Saturday, 21 April 2012

Remploy Co-Ops?

A reader in today's on-line Guardian asks:

"Why not let some of the facotry workers rent or buy the empty factories and run them themselves sort of like a co-operative? That way they get rid of their factories but the workers can keep their jobs."

Sayce does actually suggest both co-ops and social enterprises as possible solutions once Remploy factories lose their government subsidies. Indeed, the Remploy York factory, before its closure around 4-years ago produced chemical warfare clothing for the MOD, employed over 50 disabled people.

Following the closure some determined trade unionists got together and formed the York Disabled Workers' Co-Operative in 2010. The co-op produces quality garden furniture. However, unlike its predecessor, the Remploy factory which had a workforce of 54, the co-op only employs five people.
Phil Davies with the deed signed at the GMB union office
establishing the legality of York Disabled Workers Co-operative Ltd
We should salute the co-op; and wish it well. However, such ventures while they show both enterprise and initiative will not afford the overwhelming majority of Remploy workers who are facing redundancy a life-line. In fact even if there was the know-how, readiness and entrepreneurial drive amongst the 1700 workers affected by these closures, are local economies robust enough at the moment to sustain another 300-400 new co-ops or social enterprises?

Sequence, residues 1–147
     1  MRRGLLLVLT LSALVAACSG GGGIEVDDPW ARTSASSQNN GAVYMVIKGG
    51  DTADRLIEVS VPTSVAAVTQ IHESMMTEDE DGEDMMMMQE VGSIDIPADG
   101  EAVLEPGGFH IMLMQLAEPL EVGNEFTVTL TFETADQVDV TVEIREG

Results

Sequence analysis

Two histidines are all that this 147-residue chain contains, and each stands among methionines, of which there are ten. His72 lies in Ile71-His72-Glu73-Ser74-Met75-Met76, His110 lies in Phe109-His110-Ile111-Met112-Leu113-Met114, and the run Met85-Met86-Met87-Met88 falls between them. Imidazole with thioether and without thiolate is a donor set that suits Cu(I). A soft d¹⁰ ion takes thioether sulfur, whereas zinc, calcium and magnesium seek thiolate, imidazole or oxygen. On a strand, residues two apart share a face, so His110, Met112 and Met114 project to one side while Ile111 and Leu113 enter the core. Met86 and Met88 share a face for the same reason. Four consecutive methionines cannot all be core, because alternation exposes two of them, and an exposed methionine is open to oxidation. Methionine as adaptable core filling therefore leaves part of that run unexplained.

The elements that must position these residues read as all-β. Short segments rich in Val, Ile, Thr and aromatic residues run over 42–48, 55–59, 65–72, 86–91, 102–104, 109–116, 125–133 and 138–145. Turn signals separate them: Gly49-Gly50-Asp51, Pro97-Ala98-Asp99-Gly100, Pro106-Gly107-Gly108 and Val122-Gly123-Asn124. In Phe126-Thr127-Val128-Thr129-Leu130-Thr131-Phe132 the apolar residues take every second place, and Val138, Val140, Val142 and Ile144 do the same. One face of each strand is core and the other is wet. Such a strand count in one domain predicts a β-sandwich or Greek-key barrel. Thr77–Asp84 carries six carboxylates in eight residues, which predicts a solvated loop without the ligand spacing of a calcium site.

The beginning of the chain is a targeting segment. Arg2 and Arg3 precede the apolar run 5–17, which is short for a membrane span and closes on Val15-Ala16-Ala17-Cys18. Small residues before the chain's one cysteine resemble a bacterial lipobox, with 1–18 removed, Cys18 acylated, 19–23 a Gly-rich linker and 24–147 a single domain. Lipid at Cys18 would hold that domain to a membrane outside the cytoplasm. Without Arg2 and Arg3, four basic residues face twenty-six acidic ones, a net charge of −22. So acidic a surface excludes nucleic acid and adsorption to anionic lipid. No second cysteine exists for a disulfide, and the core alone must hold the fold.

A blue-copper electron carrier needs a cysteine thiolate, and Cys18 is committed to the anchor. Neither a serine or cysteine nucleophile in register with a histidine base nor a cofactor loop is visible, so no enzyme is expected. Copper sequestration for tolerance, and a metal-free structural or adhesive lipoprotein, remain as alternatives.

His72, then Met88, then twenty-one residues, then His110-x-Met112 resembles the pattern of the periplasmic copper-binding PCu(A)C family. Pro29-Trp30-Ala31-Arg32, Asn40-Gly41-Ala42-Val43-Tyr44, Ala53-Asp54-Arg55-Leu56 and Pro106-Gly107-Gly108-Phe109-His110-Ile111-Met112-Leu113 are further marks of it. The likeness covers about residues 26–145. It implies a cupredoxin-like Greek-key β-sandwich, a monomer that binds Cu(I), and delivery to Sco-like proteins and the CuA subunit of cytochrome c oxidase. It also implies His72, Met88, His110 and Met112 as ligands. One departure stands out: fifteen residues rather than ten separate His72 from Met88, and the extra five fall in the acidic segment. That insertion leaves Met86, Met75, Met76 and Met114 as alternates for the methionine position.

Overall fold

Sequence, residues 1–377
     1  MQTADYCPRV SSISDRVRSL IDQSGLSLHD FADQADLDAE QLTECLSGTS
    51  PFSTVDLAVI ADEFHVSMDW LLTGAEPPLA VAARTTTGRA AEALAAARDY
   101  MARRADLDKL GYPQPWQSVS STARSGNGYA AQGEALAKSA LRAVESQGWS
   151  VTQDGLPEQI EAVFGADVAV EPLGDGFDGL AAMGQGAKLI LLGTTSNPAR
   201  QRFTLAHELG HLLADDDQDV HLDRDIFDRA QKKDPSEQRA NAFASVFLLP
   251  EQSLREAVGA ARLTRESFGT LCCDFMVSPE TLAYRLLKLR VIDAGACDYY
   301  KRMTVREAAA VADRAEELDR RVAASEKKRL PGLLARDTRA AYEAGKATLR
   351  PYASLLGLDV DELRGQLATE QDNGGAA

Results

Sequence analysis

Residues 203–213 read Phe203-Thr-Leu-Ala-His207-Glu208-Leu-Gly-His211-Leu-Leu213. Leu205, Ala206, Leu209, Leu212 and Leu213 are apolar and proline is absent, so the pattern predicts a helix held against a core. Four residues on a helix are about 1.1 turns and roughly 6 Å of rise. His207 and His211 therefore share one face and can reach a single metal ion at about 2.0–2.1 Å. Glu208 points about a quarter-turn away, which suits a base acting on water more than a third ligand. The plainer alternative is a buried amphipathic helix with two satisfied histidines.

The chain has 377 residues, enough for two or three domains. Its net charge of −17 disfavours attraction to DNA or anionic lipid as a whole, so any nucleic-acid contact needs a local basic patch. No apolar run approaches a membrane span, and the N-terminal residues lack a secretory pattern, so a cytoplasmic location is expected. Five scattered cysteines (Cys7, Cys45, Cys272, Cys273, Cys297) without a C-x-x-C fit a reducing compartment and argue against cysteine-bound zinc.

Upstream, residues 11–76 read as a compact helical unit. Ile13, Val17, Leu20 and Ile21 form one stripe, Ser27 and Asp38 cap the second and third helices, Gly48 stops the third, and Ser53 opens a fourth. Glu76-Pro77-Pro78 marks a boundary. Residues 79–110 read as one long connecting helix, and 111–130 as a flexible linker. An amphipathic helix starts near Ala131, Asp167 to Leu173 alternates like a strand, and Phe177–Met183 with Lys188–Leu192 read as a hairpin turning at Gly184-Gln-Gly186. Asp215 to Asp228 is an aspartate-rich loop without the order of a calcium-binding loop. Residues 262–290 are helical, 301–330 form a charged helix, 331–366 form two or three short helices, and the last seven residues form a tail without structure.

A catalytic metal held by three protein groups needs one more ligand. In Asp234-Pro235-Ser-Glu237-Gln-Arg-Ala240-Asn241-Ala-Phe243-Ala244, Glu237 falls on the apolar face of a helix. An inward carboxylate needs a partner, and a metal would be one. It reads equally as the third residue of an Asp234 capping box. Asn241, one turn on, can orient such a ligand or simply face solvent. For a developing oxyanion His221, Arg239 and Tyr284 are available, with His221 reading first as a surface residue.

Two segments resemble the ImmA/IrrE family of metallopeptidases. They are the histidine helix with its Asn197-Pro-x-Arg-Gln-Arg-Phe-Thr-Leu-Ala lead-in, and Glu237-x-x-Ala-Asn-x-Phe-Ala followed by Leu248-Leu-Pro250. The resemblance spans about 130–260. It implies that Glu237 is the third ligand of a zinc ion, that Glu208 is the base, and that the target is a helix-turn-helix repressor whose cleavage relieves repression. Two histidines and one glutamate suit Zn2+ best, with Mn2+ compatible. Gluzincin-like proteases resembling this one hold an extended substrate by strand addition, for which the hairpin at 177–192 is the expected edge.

The UK's economy is floating in the doldrums; quarter by quarter only narrowly escaping being officially declared back in recession. Our banking system has hardly covered itself in glory since we bailed them out, thus creating the mess we now find ourselves in. Unless banks are willing to  lend to ventures such as co-ops and social enterprises, chances of success are slim.

Even if our banks had the decency to realise it's our, the public's, money that they have stuffed in their vaults, would they take the risk of funding disabled peoples' enterprises especially since the government shows no confidence in disabled workers when it pulls their subsidy.    

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